Here’s more advice we gathered from historians who have taken their children on conference trips:


  • For those breastfeeding, get a pump that can double as your conference bag.
  • Accessorize. Scarves are parents’ best friends for covering up spillage, spit up, and other unexpected stains.
  • Stay in the conference hotel. Baby hand-offs, mealtimes, and naps (for you or the kids) are made that much easier by being only an elevator ride away. Several parents noted that since you often sacrifice evening networking events, staying in the hotel ensures that you can maximize your daytime availability for lunches and coffee meetups.
  • Request adjoining or nearby hotel rooms if your bringing a babysitter, partner, friend, or family-member with you.
  • Bring Lego! Lego doesn’t officially sponsor academic conferences, but you might think otherwise based on the number of parents suggesting them as the ultimate conference amusement. Coloring books (with pencils, not markers) were a close second.
  • Double check ahead of time about if your hotel room will have a refrigerator for breastmilk or a microwave for baby food in your room.
  • It was unanimous—Review the conference program before going so that you know which panels are most important for you to go to, when you can take breaks, and when you may have to work around an assistant caregiver’s schedule. If you’re a two-historian household attending the same conference, this is paramount.


  • Don’t trust spotty conference Wi-Fi. Most parents agreed that screen time rules go out the window at a conference, but make sure to download books, TV, or films ahead of time.
  • Don’t prioritize politeness over pumping. One historian shared that she felt guilty leaving longer sessions early to pump, only to spend three hours uncomfortable, distracted, and absorbing almost nothing from her colleague’s presentation.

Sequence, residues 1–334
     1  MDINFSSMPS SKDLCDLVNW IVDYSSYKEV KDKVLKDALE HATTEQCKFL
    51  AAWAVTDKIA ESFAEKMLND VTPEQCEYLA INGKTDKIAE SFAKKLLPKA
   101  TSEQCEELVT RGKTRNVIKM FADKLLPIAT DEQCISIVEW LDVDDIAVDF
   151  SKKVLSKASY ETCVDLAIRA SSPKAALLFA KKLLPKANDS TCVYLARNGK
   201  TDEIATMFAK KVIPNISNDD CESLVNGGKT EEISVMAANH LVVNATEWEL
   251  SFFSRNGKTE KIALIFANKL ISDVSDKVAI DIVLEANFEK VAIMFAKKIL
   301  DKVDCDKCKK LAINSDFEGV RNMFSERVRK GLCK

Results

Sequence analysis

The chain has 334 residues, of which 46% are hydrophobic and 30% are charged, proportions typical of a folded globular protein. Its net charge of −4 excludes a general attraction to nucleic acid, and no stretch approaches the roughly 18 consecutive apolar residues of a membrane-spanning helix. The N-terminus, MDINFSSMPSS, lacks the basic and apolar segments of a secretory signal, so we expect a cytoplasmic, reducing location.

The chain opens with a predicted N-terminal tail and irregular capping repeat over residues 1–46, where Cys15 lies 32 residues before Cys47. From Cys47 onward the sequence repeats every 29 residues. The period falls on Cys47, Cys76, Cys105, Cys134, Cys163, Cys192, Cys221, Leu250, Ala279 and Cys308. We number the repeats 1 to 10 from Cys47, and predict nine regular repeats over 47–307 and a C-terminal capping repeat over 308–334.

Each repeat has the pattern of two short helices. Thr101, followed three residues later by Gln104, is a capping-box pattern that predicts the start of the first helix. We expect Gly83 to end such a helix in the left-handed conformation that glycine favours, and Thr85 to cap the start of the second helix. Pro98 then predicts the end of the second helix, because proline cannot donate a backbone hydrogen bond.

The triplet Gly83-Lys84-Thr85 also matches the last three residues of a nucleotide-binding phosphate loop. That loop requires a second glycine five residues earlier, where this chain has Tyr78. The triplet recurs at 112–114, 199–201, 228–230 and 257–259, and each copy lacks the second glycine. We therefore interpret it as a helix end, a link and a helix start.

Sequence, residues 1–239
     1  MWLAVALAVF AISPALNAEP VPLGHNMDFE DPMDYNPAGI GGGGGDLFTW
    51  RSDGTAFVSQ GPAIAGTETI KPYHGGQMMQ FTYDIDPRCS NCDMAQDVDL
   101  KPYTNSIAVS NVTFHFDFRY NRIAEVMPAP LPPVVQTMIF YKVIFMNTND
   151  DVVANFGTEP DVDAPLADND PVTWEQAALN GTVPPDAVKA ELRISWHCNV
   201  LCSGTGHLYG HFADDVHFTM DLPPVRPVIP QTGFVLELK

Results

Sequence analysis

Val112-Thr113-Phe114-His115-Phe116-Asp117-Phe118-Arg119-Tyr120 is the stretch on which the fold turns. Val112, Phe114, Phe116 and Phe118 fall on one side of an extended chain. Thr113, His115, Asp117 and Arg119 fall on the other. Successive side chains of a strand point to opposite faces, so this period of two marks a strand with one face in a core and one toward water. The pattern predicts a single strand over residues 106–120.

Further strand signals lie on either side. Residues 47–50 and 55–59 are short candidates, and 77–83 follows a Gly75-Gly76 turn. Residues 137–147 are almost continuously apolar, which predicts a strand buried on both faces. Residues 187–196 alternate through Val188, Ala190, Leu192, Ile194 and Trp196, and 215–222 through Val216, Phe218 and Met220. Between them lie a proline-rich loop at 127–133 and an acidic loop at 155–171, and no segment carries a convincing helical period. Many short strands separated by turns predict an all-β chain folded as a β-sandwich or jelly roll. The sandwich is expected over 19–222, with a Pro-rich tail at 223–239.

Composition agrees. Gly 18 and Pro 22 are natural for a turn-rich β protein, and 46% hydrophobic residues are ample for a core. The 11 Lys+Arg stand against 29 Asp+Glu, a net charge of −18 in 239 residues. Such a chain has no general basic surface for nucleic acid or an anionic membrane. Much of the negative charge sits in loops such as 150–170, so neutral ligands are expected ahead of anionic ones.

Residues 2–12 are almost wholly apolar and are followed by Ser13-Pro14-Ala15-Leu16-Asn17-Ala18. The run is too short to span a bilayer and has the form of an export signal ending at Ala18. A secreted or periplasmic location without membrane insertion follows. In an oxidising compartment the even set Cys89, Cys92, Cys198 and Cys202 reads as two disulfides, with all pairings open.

• Don’t rely on hotels to have proper crib fitting sheets. Hotels are legally required to provide a crib upon request, but many use a standard size sheet, which is a suffocation hazard.

So is it worth it—are kids the next conference accessory? Parents must weigh the financial costs of bringing the kids against not be able to attend at all, a cost less easily quantified. “One of the perks of academia is flexibility,” maintains Rendina. For many parents, it’s important that their children know what they do, how hard they work, and what they have achieved, and what better way to witness it than firsthand? Nor should we underestimate the importance of visibility of parents and their children at conferences. One historian wrote to us that watching her colleagues with their children at conferences was encouraging. As she considers starting a family, seeing these kids is “a welcome reminder for the rest of us that everyone has a life beyond the often insular space of an academic conference.”

Devon Reich is operations and marketing assistant at the AHA.